Starting as a meant to proceed, I deliberately avoided taking the enemy character up the ladders or stairs (except to test the staircase fix from Paul which worked a treat by the way) so I could dedicate today to combat.
I re-activated my direct fire code, blended it into the character states between Petrol and Aggressiveness and then enjoyed the first glimpse of the enemy chasing me malevolently slowly around the small test area. When I lost him, he would switch to casual walk and went on Patrol. All good.
I then added some ducking code so the enemy could take advantage of hiding behind sandbags, and when I introduced my code to play the animation I physically cringed!
How To Duck
This was a lesson you probably learned at school, and if you went to my school you learned it very quickly! Turns out just setting the character to 'crawl mode' does not cut it. Mainly because crawl mode does not exist, I have to write it! The crouch walk animations which I have my prototype actually included both crouch step forward and crouch step backward, and they included their own movement shift too. The result was somewhat laughable.
There I was faced with the same dilemma again, whether to hack in a nice duck transition with crouch logic and control the animation in code, or sit back and do something sensible like write an editor and sub-system which could play back what I needed from all things crouch-like.
Here is an idea what you ACTUALLY need to do for a simple crouch mode:
1. Transition through interpolation from CURRENT animation to STAND posture
2. Use the STAND TO CROUCH animation as interpolating to a crouch is yuck
3. Transition to a CROUCH IDLE animation, and loop that animation
4. If MOVE, transition to the first frame of CROUCH MOVE
5. Play a single sequence of CROUCH MOVE and detect the end
6. Once at the end, move the actual character to a new position and reset
7. Repeat step  if character needs to move some more
8. If no more movement required, return to step  via transition
9. From CROUCH IDLE, if press to stand back up, transition to STAND UP
10. Play through CROUCH TO STOOD animation until detect end of animation
11. Return control back to main character system now out of crouch mode
Now that's just the simple version as crouch can do MANY more things eventually, and the transitions can get freaky when you are dealing with half animations, reverse animations and who knows what else. You can see the appeal of a code hack!
From my very recent experience with ladders, I did not fancy doing a state machine hack this time so I decided to write a 'State Machine Database Editor and Previewer'.
State Machine Database Editor and Previewer
I won't show you the editor as it's bone ugly, but I will show you a preview from the 'player' which attaches to the editor to show me what I created today.
In the above shot you are looking at the steps I described coded as a sequence of instructions into the dynamic state machine. Think of it as a programming language within two larger programming languages, and ideal for tweaking and changing my mind in terms of order without some serious rewriting. Also think of it as generic enough to allow me to do other types of character activity that deals with animations, transitions, moving position in tandem with some complex sequence, e.t.c.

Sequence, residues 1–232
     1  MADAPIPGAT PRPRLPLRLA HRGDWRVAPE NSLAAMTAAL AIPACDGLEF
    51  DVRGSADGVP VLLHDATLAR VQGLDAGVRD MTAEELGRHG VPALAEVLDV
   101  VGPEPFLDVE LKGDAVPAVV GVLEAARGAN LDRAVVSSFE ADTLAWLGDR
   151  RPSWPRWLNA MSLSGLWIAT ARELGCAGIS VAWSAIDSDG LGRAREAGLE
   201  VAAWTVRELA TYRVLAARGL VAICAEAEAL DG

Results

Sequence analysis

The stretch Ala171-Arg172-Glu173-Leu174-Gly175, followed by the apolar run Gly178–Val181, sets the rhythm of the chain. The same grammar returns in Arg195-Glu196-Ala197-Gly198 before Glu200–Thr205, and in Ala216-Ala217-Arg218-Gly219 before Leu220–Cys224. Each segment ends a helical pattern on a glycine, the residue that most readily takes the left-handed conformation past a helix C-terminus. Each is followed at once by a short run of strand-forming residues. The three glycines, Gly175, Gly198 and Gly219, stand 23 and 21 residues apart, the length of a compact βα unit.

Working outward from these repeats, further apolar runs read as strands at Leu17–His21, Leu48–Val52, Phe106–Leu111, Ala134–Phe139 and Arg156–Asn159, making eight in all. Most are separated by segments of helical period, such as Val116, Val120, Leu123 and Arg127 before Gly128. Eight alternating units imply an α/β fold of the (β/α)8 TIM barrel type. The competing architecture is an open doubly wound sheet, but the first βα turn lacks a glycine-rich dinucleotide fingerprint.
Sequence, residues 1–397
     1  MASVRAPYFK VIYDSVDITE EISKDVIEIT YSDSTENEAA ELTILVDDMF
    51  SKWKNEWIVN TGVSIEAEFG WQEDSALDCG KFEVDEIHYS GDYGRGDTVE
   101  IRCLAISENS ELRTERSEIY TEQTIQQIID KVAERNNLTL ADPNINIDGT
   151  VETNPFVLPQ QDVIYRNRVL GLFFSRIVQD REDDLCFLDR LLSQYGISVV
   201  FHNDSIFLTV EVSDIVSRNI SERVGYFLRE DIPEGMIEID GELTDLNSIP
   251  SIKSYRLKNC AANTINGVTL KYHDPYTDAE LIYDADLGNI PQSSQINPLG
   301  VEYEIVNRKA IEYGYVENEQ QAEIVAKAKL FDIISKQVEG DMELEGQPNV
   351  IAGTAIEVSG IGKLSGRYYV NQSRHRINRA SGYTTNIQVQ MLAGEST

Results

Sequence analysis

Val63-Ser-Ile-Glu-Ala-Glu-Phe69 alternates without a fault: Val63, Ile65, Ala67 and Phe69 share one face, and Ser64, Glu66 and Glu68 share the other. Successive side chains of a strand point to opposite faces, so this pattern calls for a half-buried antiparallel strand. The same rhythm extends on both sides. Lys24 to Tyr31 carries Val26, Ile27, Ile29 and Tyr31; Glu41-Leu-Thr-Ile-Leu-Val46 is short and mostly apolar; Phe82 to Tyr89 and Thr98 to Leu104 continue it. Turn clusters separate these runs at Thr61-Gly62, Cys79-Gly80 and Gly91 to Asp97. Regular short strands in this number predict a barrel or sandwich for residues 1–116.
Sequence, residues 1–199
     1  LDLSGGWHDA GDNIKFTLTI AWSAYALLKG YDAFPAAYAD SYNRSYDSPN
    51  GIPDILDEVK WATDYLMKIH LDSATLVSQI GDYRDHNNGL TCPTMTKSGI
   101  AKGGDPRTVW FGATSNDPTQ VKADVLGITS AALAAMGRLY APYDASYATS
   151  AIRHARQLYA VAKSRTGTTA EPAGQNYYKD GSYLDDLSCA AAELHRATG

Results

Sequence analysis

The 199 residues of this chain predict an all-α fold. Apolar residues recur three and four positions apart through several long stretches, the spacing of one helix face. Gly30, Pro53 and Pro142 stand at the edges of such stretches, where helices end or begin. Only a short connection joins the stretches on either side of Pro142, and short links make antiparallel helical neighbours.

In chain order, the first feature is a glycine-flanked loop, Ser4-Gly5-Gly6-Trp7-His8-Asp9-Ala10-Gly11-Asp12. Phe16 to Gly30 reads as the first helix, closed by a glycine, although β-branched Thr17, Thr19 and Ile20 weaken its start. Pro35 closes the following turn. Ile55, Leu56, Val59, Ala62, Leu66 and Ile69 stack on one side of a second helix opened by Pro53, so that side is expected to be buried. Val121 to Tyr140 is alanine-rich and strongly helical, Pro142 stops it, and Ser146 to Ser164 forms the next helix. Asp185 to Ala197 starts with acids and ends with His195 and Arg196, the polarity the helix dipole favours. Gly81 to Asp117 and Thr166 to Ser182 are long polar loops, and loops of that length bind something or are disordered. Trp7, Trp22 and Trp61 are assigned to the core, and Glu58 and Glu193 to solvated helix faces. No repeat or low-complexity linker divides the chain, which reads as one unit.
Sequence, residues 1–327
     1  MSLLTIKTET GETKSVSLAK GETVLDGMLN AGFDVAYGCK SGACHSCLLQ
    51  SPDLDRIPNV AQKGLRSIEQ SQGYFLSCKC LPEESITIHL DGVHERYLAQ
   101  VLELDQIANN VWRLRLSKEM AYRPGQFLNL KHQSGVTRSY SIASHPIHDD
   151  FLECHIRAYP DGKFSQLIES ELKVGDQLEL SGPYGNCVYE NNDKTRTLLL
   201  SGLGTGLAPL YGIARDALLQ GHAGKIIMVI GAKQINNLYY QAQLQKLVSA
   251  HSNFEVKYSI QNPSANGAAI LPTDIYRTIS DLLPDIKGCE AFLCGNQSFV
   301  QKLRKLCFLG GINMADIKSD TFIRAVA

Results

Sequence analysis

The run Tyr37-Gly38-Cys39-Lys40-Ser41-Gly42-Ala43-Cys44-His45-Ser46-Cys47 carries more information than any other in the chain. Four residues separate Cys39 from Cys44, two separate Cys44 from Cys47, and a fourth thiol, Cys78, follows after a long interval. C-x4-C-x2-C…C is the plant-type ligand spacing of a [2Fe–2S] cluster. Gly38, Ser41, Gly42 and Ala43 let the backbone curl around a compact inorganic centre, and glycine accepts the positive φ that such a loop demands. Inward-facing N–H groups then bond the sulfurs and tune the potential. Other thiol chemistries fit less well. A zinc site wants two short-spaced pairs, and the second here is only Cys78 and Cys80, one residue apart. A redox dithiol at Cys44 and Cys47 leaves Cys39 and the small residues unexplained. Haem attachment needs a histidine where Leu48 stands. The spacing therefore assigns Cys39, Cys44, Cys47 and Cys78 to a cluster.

The editor part allows me to play through the animation frames, move the object in relation to the floor grid, line up an animation loop exactly with the position advances built into the animation. It's also a pretty small sub-prototype so I can add things quickly in the future should I decide to return to the ladder system and replace it with this.
What About Combat?
As I predicted, such an effort takes a good deal of time and it's now 2:30AM with no time left to return to combat coding. What I do have however is the makings of a sub-system that can plug into the character animation system and pretty much handle my crouch behavior within an hour of integration.
Rather than 'settle' for sliding about and taking a piggyback on excellent animation, this new system will transition in and out of crouch, cover the ground realistically, and provide a smooth and hopefully realistic feel. You may notice in the video a small glitch at the end of the 'move forward' animation, and these little disjoints are exactly what Mark is waiting for, and an editor like the one created will help test the fix on these very quickly as we can pin down the exact frame and how the code deals with it.
That said, the crouch is not complete. I need to formalize my new 'state engine database player' thing and make it a clean isolated module of functions and arrays, I need to add crouch move left and right, throw grenade, leap over obstacle, e.t.c. When the time comes to connect to the DarkAI system, it should allow the prototype to silkily move the character around the scene without me having to hack in and endlessly tweak values for all combinations.
Crouch proto resumes Wednesday, and once it's solid, move the relevant module and data over to the main AI prototype and try it out. The NEXT time a similar demand arrives (and there will be many), I should have a good generic system to simply add more data and not have to hack in anything other than additional 'methods and instructions' which can in time be re-used by subsequent behaviors and animation sequences required.
I was going to blog about some lovely new art from Mark but I've just looked and this blog is big enough for one late night post, so I will save these visual candy snacks until later in the week :)